Global pandemics typically aren't good for national economies. On the contrary, they are usually bad. The U.S. economy, for example, contracted 9.5 percent in the second quarter of 2020—the largest quarterly decline in recorded history. The German economy, meanwhile, declined by 10.1 percent.
Not surprisingly, the U.S. economic decline in the second quarter (start of April through the end of June) looks a lot bigger from an annual perspective—in other words, how much the economy would shrink if the 9.5 percent quarterly decline persisted for the rest of the year.
Recent Stories in Media
Under that hypothetical (and entirely unrealistic) scenario, the U.S. economy would contract by 32.9 percent. It's a scary number, but it's also meaningless. In the words of liberal economist Justin Wolfers: "No one thinks that will happen. Ignore it."
Guess which number CNN and other media outlets, renowned for their economic literacy and scrupulous aversion to context-free hysteria, chose to use in their reporting on the economic data. Hint: It's the same number that Democratic politicians, in their quest to restore common sense and science-based accountability to Washington, cited in their denunciations of President Trump.
The US economy contracted by 32.9% from April through June, its worst drop on record https://t.co/5GXdUqNGNs
— CNN Breaking News (@cnnbrk) July 30, 2020
United States GDP fell by a record 32.9% in the second quarter of 2020. https://t.co/sqnGpF6Lkp
— Sahil Kapur (@sahilkapur) July 30, 2020
Worst ever single quarter contraction of US economy.
In context: pic.twitter.com/ZPuA58vdr6
— ian bremmer (@ianbremmer) July 30, 2020
First, hell no. Second, you can't. Third, my state has proven year after year that vote-by-mail is safe and secure. And fourth, this outburst doesn't have anything to do with your total lack of leadership causing a 33% decline in our economy, does it?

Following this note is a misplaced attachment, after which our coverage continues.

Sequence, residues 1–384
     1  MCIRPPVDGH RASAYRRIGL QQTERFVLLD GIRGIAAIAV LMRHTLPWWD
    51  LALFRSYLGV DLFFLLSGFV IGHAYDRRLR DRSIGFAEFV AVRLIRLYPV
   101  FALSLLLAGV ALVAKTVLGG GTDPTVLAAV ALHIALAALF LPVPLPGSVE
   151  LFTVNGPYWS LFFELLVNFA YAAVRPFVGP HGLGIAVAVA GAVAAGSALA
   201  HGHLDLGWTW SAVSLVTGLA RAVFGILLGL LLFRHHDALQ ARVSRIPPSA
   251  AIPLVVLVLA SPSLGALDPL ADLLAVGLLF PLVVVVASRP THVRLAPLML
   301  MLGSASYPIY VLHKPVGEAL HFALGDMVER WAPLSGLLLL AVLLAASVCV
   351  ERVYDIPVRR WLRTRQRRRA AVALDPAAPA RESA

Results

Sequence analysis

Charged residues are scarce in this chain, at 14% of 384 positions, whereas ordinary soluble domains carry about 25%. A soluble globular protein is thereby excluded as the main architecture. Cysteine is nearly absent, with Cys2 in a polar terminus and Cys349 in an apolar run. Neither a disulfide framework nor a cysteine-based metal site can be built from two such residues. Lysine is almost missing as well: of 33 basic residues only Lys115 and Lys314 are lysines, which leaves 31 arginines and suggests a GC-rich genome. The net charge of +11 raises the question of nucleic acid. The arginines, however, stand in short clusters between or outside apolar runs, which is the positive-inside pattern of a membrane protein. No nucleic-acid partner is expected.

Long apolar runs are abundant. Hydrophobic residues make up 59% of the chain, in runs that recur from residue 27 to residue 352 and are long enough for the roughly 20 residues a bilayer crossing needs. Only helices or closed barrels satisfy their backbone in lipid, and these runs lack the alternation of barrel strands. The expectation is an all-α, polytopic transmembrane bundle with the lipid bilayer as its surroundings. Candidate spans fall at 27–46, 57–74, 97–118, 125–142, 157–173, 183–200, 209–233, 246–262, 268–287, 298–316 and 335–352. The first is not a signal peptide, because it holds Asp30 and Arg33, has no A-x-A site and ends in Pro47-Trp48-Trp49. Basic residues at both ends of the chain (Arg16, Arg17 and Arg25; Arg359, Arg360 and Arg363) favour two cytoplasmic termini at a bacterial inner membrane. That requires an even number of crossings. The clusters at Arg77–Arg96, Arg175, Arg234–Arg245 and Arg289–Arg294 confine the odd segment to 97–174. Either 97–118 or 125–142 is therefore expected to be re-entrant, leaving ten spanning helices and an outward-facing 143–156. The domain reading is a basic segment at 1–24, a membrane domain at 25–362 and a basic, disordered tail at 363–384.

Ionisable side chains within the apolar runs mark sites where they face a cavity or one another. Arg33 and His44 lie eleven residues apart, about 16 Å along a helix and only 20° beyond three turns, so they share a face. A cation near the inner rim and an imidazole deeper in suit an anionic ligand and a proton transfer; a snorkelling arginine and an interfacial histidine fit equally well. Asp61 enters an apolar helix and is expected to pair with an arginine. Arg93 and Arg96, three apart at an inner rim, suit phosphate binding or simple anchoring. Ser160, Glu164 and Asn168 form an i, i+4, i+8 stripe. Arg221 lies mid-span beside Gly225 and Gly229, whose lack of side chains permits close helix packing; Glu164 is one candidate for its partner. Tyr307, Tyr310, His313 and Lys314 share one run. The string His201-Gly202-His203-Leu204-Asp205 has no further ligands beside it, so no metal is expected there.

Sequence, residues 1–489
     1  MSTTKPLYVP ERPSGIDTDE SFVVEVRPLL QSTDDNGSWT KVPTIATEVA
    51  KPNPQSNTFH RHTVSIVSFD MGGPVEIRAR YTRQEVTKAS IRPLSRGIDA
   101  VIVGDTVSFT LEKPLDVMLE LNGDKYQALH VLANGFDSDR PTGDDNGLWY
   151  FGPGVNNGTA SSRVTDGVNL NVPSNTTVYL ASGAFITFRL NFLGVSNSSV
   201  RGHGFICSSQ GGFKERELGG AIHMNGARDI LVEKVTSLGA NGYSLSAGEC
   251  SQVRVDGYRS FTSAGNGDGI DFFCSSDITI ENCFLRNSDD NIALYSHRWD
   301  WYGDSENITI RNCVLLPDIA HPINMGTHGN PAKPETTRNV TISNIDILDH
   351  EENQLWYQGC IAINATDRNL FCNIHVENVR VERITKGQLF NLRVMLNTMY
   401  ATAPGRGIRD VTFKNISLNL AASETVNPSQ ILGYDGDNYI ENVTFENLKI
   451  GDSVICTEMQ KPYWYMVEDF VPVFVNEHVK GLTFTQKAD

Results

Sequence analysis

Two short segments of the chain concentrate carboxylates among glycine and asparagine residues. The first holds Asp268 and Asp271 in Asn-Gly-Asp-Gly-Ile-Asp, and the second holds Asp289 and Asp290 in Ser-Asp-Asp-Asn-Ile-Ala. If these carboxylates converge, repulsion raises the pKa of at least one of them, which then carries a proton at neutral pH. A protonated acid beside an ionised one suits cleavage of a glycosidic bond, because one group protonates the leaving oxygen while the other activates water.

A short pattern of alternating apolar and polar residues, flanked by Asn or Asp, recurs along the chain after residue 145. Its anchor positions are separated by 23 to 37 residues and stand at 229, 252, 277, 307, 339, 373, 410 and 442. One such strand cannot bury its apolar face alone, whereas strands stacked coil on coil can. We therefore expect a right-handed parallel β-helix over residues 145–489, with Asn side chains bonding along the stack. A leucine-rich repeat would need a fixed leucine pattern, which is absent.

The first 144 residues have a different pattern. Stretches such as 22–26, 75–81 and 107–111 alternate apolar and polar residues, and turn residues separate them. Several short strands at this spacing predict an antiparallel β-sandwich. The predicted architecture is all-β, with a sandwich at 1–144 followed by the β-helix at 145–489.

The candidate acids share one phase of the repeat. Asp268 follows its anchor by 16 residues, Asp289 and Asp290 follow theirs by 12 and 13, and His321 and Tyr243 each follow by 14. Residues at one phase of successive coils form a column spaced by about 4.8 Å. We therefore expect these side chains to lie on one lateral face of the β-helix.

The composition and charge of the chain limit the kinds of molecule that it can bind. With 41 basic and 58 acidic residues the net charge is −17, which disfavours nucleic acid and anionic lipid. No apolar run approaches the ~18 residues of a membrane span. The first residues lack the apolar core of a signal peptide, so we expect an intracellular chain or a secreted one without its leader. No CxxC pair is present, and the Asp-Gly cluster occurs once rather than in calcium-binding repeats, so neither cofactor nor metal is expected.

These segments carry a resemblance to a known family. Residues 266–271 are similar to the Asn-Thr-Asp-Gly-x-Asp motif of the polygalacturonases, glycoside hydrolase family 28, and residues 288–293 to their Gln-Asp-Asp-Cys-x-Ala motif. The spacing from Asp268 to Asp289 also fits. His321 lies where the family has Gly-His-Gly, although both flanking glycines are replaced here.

We will vote on November 3. https://t.co/L4aICjVOqW
— Rep. Pramila Jayapal (@RepJayapal) July 30, 2020
Seeing ppl point out that the Q2 32.9% GDP drop is the *annualized* rate & actual Q2 drop is 9.5%
Outside my wheelhouse, but anyway, the new Biden statement on the economy says that the "worst period for economic growth" over the last 3 months was "a drop of nearly 33 percent" pic.twitter.com/GK4saoXLUd
— Emily Larsen (@emilyelarsen) July 30, 2020
As always, our nation's journalists weren't afraid to ask the tough questions.
Did the Q2 GDP fall 10 percent or 32 percent? I'm seeing reliable folks give both numbers and I can't tell why they're different.
— Matt Ford (@fordm) July 30, 2020
Not to worry, though. We can be confident that these fearless journos will rediscover their passion for context and sober analysis just in time for the late-October release of third quarter economic data, which many analysts expect will show significant growth. Goldman Sachs, for example, projects that the U.S. economy will expand at an annualized rate of 25 percent over the next several months.
If you're upset at the media for not being more clear about annualized data, don't worry, I'm sure they'll do a better job in Q3.
— Joe Weisenthal (@TheStalwart) July 30, 2020